Amid growing tensions between the United States and China over trade and alleged wrongdoing in the infancy of the COVID-19 pandemic, Sen. Tom Cotton is proposing a bill that would deny student visas requested by Chinese nationals looking to conduct graduate or post-graduate studies in science, technology and engineering fields in the United States.
“The Chinese Communist Party has long used American universities to conduct espionage on the United States,” the junior senator from Arkansas said in a statement.
Sen. Cotton is joined by fellow senator Marsha Blackburn (R-Tenn.) in the push for the legislation. The pair are each co-sponsors of the proposed bill, which they are calling the SECURE CAMPUS Act.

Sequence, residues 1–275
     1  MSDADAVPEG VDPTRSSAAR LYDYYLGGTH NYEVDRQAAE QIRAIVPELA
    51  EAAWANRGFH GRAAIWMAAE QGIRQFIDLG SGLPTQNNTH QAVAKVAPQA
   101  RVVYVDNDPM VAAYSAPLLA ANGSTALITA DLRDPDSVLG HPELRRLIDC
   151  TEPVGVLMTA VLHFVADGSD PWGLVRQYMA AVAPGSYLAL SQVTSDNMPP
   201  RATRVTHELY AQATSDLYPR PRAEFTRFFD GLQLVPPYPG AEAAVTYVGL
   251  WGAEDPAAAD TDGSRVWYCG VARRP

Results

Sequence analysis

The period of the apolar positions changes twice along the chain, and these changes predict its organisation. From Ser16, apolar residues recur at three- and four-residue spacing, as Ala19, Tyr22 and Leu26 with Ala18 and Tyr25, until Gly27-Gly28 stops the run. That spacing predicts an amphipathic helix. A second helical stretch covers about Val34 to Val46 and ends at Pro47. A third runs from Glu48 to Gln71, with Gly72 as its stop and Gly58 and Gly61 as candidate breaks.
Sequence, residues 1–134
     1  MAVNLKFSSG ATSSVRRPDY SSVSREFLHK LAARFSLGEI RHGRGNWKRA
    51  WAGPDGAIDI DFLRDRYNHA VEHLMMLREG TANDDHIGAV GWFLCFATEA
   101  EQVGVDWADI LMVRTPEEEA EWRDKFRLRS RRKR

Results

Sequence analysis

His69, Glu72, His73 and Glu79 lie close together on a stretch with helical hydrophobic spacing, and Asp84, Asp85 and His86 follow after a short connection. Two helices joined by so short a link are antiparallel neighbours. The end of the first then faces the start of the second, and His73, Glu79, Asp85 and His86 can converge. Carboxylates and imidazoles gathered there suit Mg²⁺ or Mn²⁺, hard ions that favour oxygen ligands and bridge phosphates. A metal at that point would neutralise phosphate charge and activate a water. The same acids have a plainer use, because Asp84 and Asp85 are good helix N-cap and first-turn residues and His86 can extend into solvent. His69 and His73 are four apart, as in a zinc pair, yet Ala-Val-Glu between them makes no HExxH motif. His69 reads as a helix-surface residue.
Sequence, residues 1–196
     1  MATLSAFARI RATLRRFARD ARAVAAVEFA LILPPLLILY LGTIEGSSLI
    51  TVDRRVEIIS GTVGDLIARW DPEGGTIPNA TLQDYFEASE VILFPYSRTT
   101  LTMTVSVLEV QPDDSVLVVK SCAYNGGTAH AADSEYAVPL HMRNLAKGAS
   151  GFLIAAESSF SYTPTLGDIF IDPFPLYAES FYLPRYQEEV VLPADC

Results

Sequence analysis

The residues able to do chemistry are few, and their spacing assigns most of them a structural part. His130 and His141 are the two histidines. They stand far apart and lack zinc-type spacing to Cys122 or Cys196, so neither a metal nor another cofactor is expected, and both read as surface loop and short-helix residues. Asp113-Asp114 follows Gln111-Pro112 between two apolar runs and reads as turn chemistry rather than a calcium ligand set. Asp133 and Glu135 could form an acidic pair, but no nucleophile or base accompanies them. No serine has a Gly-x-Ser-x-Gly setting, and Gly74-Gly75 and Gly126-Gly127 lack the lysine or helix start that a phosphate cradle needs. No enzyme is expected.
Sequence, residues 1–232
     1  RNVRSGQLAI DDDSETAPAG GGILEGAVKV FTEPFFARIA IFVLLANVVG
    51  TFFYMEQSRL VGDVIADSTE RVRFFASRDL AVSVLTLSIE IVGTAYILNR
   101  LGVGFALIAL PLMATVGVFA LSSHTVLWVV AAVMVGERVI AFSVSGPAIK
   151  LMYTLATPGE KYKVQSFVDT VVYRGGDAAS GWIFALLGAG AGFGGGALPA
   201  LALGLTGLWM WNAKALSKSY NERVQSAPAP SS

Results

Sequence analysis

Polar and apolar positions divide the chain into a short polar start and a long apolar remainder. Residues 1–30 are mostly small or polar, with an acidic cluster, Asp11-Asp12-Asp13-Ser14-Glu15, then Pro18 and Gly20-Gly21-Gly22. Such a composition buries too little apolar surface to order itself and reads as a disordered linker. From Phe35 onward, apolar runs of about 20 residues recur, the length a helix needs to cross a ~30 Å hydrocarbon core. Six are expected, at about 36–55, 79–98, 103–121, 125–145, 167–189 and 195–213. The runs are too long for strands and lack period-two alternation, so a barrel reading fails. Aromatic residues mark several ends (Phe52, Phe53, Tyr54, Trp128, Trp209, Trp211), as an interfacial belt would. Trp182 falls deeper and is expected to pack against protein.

“We’ve fed China’s innovation drought with American ingenuity and taxpayer dollars for too long; it’s time to secure the U.S. research enterprise against the CCP’s economic espionage,” Sen. Blackburn said in a statement of her own.
The news comes as recent reports surfaced that China was hacking the coronavirus research of American laboratories and universities, as reported by Newsweek in May.
Prior to Sen. Cotton’s statements related to this bill proposal, he has been an unabashed critic of China’s handling of the COVID-19 outbreak worldwide, in March alleging that “China’s lies” helped spread the novel coronavirus.
For his remarks, China recently threatened to sanction him and other U.S. lawmakers who had been particularly critical of it in recent months.
Earlier this month, a UA professor was arrested on charges of wire fraud and a failure to disclose ties with the Chinese government.